## Re: [PrimeNumbers] Another question from a non-mathematician

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• Mathematics is linked with determinism and predictability. Thus the seeming randomness of primes is striking. The duality is what makes the primes so
Message 1 of 3 , Jun 4, 2007
Mathematics is linked with determinism and
predictability. Thus the seeming randomness of primes
is striking. The duality is what makes the primes so
mysterious and interesting. If you google 'duality
prime numbers', you will find this paper
(www.secamlocal.ex.ac.uk/
people/staff/mrwatkin/isoc/huang.pdf)
that provides an elementary proof for the duality of
primes.

--- Joshua Zucker <joshua.zucker@...> wrote:

> I think the randomness and bell curve are in one
> sense much more
> predictable than primes:
> if you flip a coin long enough, you are eventually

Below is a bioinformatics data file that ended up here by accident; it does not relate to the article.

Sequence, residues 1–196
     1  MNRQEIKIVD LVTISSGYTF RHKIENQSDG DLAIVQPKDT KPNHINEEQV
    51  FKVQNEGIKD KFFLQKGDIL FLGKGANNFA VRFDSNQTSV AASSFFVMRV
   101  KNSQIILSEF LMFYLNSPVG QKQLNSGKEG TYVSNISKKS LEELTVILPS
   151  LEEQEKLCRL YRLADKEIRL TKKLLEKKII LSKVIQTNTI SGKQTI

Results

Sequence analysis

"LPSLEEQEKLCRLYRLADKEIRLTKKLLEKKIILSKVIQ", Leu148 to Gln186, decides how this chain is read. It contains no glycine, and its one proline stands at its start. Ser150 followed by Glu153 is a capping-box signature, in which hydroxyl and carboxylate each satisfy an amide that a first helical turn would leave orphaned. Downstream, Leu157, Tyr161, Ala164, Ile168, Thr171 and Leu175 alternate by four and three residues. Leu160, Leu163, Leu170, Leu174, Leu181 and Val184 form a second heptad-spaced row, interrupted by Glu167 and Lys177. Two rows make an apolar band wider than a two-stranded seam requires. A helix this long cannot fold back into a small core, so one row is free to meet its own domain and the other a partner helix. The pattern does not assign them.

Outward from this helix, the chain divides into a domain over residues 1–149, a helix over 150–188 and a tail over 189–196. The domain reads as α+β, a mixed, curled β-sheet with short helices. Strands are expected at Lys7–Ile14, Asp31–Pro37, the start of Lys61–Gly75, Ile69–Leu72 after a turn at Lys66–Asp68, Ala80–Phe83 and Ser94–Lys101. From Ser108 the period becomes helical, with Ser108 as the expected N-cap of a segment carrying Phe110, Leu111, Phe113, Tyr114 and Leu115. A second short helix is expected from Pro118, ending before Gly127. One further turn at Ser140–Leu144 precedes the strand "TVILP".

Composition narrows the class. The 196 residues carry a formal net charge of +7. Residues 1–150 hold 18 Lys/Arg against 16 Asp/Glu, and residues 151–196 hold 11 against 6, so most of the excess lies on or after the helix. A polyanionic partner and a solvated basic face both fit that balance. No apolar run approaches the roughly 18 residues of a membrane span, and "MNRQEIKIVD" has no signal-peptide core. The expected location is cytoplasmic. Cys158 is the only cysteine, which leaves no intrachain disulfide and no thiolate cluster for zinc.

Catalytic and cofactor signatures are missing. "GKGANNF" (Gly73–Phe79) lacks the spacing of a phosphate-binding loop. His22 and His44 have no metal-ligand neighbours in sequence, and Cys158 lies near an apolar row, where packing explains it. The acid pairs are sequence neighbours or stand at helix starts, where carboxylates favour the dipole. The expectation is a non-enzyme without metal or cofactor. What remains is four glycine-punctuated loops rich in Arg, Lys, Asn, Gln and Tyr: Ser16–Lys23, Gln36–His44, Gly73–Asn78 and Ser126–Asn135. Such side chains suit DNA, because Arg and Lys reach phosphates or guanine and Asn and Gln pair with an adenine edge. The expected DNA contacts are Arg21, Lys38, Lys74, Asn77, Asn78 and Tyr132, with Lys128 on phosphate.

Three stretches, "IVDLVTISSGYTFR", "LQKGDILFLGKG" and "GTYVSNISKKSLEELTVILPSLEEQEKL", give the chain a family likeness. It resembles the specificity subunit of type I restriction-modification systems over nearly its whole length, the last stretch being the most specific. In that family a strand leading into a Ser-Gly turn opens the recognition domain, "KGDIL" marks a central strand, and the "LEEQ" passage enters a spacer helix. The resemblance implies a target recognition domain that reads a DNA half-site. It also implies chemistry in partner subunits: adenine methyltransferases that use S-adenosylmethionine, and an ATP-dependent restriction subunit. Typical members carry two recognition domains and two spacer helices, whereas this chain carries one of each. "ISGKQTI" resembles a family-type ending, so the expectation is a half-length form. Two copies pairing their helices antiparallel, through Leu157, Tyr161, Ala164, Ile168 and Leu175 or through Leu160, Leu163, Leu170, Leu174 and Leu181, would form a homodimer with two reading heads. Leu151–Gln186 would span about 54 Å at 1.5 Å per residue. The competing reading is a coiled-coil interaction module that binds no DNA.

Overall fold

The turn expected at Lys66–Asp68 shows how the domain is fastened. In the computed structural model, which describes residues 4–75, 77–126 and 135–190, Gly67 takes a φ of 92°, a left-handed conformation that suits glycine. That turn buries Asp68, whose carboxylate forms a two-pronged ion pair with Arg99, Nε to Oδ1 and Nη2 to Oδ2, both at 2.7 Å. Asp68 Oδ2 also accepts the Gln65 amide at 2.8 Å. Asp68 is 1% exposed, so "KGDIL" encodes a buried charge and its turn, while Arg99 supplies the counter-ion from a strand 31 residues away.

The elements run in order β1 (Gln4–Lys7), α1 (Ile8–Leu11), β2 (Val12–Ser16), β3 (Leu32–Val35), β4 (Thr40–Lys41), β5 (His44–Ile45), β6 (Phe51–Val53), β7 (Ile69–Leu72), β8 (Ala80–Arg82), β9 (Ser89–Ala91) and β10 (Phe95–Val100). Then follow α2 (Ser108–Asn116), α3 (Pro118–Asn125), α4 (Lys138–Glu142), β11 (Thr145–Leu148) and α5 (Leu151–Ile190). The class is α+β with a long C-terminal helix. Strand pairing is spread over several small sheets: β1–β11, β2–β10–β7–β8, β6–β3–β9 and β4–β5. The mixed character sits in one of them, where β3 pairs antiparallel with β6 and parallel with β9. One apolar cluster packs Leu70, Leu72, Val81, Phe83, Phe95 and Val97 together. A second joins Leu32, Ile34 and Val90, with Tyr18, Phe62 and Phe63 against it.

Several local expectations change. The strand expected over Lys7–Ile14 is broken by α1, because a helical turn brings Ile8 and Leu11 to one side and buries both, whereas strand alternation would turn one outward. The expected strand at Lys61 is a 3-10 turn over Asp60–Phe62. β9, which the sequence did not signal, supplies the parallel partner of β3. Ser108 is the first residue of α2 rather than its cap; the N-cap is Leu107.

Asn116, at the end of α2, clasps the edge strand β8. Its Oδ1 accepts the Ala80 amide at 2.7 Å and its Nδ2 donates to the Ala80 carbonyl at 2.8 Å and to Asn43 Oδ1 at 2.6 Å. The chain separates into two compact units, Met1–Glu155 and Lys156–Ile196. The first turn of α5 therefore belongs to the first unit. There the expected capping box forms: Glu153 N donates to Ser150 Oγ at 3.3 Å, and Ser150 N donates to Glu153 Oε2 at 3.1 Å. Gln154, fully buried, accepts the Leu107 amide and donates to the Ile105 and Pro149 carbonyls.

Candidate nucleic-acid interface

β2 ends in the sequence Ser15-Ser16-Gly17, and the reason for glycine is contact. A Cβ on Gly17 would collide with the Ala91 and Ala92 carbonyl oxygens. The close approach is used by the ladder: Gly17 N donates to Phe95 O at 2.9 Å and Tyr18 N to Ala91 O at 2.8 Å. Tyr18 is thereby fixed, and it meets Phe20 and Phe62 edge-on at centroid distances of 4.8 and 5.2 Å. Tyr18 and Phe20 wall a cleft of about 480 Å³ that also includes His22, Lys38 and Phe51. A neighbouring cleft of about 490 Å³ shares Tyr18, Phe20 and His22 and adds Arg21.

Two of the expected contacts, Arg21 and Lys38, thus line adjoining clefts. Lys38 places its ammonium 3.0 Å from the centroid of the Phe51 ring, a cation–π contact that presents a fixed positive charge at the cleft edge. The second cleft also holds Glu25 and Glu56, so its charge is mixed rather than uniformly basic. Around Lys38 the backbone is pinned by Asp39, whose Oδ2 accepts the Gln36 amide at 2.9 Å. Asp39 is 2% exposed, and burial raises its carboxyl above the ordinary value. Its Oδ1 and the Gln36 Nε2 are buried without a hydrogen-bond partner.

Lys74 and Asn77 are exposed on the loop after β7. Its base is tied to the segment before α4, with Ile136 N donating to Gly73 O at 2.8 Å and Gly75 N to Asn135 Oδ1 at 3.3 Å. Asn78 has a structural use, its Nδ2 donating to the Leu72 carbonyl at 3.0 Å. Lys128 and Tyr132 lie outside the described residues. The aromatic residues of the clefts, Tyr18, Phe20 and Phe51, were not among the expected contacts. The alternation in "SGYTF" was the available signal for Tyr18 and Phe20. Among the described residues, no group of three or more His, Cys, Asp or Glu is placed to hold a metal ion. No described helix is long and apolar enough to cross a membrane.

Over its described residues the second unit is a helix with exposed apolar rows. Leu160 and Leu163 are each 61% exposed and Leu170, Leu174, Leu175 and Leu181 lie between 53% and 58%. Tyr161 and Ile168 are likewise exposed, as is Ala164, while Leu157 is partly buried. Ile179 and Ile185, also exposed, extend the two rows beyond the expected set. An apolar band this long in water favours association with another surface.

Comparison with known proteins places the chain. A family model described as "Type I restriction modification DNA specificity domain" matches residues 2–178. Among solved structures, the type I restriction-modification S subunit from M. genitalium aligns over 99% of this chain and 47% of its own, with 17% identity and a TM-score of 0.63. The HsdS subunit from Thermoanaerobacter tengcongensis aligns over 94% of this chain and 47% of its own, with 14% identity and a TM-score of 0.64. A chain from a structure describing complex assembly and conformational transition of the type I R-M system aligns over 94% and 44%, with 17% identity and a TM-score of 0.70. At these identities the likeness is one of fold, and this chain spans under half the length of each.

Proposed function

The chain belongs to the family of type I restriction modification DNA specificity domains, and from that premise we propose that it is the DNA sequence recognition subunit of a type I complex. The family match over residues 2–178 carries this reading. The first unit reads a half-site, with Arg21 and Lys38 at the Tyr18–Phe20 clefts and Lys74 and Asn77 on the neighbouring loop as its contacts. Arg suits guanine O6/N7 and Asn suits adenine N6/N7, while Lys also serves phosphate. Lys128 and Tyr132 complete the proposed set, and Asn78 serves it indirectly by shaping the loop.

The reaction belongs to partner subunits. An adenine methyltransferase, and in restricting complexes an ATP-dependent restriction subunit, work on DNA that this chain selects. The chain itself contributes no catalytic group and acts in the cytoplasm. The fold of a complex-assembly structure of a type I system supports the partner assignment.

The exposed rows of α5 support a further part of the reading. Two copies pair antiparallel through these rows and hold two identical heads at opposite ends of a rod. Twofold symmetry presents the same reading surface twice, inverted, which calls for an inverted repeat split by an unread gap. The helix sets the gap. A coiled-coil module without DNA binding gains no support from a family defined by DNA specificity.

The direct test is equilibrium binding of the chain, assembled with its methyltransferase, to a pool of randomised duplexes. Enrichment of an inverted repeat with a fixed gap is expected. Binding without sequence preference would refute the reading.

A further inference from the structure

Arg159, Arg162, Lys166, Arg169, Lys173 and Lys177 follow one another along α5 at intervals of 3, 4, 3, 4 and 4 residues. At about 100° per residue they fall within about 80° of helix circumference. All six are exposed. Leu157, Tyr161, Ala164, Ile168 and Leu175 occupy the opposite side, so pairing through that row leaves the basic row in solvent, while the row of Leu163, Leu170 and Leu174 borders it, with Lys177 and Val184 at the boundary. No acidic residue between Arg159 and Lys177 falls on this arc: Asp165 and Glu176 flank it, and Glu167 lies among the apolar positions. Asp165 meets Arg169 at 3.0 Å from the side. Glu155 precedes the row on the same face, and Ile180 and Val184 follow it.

> going to get N
> heads in a row for sure.
>
> But with primes, we don't know whether or not in the
> long run you will
> get infinitely many
> twin primes or not.
>
> The problem is, really random things will actually
> do everything in
> the long run. But the primes aren't random!
>
> That is, the bell curve describes what random
> variables tend to do in
> the long run (namely, be off the mean by about
> sqrt(n)).
>
> But while the prime number theorem is similar for
> primes, since the
> primes ARE predictable we need to understand a lot